Screened as part of NZIFF 2019

The State Against Mandela and the Others 2018

L’État contre Mandela et les autres

Directed by Nicolas Champeaux, Gilles Porte

Rare audio recordings alongside animated courtroom sketches bring to life the Rivonia trial in this enthralling snapshot of a pivotal chapter in Mandela and his co-defendants’ fight against apartheid.

France In English and French with English subtitles
103 minutes CinemaScope/DCP


William Jéhannin
Julie Gayet
Nadia Turincev
Antoun Sehnaoui
Raphaëlle Delauche




Gilles Porte


Alexandra Strauss


Aurélien Chouzenoux


Winnie Mandela
Sylvia Neame
Max Sisulu
Toni Strasburg
David Yutar
Denis Goldberg
Ahmed Kathrada
Andrew Mlangeni
George Bizos
Joel Joffe


Cannes (Out of Competition) 2018


Through the prism of the Rivonia Trial, which handed down life imprisonment sentences to Nelson Mandela and nine other defendants in 1963, filmmakers Nicolas Champeaux and Gilles Porte throw the spotlight on the epic struggle against apartheid. Cameras were not permitted in court, but the whole trial was audio recorded – some 256 hours’ worth. Key figures – defendants, their wives, their lawyers, the prosecutor’s son – spurred by the trial’s proceedings, which they listen to through headphones, recall events and the period. We also participate in crucial moments during cross-examinations: the dignity and reasoned statements by the defendants are devastating. The audio recordings are accompanied by black and white animation, bringing the voices to life, which intermingles with archival footage, to powerful effect. — SR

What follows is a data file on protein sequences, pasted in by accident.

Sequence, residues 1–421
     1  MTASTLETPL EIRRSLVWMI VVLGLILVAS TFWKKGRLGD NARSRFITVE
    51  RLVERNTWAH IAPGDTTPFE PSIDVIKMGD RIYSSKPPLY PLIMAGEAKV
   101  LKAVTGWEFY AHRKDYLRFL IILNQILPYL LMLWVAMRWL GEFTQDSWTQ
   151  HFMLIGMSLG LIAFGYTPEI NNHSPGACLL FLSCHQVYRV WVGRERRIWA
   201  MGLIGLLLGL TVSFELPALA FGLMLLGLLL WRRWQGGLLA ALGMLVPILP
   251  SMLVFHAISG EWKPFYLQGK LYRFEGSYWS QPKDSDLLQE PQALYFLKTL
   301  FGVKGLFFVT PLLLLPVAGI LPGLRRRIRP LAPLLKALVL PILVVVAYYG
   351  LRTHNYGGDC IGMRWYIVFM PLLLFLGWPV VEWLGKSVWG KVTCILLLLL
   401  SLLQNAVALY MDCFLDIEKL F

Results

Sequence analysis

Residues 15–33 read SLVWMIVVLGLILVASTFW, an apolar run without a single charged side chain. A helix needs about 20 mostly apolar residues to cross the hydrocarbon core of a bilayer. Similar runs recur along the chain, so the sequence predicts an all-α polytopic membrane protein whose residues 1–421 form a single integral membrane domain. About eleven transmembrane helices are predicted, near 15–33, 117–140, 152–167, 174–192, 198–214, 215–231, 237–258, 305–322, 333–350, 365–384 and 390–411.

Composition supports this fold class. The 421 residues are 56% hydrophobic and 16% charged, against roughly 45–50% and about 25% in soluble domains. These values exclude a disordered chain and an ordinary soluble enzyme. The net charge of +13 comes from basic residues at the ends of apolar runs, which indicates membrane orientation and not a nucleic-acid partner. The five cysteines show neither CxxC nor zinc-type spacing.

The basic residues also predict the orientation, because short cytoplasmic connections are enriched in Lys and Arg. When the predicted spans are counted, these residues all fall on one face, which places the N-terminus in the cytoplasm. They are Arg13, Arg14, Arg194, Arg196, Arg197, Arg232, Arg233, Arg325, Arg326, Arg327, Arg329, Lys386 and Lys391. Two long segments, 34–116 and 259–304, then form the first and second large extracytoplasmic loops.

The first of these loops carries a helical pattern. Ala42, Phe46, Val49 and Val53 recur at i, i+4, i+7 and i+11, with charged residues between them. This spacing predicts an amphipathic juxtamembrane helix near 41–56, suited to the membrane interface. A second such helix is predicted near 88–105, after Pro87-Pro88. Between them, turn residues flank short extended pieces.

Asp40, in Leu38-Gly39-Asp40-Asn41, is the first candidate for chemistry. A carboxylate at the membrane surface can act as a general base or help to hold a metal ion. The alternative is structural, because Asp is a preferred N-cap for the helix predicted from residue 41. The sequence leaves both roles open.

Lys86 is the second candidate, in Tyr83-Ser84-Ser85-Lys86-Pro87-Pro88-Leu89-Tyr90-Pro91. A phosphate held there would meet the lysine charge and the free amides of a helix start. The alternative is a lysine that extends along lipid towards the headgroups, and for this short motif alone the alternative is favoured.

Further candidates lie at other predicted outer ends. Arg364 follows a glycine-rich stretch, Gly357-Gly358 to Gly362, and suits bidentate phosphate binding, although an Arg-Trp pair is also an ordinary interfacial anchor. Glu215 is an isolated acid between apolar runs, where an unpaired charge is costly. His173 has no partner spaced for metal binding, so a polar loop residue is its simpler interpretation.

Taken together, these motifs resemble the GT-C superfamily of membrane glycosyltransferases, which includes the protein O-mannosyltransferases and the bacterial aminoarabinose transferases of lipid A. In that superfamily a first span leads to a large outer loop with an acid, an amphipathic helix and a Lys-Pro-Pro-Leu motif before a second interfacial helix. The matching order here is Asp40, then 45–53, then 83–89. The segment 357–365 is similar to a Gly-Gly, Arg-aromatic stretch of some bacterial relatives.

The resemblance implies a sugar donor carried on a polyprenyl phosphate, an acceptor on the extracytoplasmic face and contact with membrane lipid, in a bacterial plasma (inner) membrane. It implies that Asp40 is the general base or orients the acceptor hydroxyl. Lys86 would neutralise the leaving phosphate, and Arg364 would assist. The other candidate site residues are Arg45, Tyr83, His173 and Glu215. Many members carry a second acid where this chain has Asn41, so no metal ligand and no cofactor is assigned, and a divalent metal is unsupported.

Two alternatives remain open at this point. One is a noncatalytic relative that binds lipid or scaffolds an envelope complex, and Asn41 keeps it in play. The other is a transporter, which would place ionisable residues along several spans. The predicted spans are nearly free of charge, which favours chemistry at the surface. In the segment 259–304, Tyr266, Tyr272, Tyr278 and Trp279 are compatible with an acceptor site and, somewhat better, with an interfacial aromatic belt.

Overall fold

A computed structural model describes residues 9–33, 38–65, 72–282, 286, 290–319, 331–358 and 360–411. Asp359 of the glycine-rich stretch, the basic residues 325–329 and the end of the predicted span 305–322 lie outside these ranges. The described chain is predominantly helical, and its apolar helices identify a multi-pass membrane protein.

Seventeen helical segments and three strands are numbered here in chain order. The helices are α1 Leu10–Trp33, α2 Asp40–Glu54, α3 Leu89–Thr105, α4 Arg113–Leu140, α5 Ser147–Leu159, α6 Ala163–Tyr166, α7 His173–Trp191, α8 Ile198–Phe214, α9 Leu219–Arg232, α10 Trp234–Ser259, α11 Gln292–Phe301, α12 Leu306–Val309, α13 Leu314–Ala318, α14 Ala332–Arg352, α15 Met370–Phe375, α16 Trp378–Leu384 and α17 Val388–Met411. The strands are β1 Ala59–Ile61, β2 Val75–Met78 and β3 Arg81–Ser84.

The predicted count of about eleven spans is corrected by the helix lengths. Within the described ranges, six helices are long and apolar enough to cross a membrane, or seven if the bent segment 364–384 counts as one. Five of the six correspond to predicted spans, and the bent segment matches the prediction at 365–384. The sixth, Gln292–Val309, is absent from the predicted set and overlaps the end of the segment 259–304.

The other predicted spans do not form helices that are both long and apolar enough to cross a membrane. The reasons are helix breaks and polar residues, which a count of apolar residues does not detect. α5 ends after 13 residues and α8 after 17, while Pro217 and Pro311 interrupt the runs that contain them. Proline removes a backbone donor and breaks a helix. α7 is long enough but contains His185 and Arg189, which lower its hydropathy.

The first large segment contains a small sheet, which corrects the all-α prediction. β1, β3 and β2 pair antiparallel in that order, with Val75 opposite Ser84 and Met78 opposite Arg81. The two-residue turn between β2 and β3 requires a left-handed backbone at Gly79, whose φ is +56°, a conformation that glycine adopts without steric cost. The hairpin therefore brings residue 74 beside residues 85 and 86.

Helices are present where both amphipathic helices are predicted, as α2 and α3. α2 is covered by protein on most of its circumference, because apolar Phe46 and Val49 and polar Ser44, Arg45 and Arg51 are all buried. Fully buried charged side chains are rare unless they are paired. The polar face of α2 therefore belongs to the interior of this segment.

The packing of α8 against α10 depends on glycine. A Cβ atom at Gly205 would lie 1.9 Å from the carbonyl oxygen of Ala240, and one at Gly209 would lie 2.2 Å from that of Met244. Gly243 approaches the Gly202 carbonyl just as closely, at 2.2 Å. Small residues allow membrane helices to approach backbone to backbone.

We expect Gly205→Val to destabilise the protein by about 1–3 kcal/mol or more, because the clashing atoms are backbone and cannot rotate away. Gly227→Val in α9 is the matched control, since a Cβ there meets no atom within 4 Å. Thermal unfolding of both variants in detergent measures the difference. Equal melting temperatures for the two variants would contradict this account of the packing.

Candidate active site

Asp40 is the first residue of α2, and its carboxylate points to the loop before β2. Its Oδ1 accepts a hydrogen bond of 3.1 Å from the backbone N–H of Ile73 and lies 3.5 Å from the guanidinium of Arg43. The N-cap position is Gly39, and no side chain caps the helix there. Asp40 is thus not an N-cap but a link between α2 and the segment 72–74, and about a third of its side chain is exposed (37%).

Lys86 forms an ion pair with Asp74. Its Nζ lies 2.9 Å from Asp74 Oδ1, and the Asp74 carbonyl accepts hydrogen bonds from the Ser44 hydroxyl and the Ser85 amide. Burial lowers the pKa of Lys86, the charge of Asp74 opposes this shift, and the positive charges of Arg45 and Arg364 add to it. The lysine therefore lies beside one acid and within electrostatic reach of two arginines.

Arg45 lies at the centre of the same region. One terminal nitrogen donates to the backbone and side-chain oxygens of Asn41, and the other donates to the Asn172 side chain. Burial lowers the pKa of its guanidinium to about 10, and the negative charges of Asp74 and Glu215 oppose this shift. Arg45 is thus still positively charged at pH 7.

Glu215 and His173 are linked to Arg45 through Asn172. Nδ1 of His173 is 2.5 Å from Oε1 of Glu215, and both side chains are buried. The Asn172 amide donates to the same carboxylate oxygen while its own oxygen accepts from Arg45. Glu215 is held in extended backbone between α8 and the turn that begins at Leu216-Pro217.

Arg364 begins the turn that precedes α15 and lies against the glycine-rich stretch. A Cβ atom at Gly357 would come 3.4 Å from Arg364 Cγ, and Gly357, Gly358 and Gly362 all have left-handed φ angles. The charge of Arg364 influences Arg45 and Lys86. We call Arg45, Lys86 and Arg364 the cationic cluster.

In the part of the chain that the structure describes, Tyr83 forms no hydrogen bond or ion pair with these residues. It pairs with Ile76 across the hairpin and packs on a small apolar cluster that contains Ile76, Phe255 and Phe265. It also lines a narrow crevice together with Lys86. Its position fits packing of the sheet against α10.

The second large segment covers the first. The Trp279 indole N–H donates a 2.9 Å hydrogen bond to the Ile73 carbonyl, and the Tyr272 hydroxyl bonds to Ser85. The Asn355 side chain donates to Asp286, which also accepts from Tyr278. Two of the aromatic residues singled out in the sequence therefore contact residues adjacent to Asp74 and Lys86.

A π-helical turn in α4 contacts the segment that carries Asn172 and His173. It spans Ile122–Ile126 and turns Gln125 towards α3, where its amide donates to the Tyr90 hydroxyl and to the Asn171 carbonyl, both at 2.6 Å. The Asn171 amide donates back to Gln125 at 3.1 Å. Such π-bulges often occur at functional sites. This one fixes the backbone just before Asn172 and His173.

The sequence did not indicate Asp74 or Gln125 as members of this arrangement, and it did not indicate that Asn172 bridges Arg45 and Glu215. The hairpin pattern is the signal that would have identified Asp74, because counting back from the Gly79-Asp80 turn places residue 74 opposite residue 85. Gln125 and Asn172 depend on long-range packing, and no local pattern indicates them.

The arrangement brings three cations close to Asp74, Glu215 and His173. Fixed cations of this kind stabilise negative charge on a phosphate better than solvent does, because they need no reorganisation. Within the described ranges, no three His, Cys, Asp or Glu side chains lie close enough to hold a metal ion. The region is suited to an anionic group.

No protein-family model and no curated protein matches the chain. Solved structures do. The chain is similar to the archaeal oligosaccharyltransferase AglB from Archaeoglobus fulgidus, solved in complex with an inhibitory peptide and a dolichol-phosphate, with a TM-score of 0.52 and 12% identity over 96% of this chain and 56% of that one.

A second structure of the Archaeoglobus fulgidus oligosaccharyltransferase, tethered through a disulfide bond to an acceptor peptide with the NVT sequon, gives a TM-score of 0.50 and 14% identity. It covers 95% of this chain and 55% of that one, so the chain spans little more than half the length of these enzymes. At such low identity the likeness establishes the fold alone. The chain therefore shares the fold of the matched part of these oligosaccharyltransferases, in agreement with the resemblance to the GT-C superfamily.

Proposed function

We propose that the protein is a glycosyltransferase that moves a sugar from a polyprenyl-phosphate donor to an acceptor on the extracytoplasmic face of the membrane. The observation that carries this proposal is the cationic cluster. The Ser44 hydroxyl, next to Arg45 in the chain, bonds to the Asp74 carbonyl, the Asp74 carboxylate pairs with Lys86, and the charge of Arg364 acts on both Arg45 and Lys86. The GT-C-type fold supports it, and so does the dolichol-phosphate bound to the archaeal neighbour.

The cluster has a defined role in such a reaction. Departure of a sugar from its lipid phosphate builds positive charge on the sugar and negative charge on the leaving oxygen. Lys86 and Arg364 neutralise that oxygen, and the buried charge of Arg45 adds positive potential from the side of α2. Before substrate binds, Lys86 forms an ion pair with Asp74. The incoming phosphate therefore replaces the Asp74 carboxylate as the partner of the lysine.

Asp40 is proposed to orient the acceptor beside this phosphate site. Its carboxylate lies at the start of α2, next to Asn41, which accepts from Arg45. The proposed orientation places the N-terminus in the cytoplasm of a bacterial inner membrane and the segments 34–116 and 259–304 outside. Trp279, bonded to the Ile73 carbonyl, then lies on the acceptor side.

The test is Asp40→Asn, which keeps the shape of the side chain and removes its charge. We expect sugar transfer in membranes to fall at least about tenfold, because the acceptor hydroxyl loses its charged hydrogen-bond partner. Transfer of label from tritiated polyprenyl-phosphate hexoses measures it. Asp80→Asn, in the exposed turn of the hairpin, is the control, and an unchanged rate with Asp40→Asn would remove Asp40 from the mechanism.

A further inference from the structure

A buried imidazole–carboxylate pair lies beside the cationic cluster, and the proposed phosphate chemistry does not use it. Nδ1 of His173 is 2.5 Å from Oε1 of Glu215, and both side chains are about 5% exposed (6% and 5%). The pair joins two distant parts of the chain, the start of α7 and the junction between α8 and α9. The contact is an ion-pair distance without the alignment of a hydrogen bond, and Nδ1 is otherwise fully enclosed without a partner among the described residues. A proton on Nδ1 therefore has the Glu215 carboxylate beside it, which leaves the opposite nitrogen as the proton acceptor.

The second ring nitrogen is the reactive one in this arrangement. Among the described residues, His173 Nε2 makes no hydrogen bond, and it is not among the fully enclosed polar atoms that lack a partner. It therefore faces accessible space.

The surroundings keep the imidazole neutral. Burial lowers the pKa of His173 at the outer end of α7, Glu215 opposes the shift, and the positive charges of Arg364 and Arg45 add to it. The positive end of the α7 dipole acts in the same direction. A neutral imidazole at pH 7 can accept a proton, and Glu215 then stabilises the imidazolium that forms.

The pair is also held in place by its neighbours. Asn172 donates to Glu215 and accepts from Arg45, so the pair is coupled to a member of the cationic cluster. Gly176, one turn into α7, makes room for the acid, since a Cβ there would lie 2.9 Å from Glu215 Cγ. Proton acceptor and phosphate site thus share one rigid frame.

“[In] this… absorbing, uplifting documentary… Mandela’s landmark speeches remain intensely stirring… but the film’s winning card is fresh interviews with an impressive range of key figures from around the trial including Winnie, lawyers George Bizos and Joel Joffe, defendants Denis Goldberg, Andrew Mlangeni, Ahmed Kathrada and his former girlfriend Sylvia Neame…

The people interviewed are sharp and witty, carrying their heroism lightly and revealing a strength of character that sustained them through lengthy imprisonment and beyond. All of them devoted their lives to what they believed to be right and seem all the more admirable for acting without the comforting knowledge of knowing that history would be on their side.” — Allan Hunter, Screendaily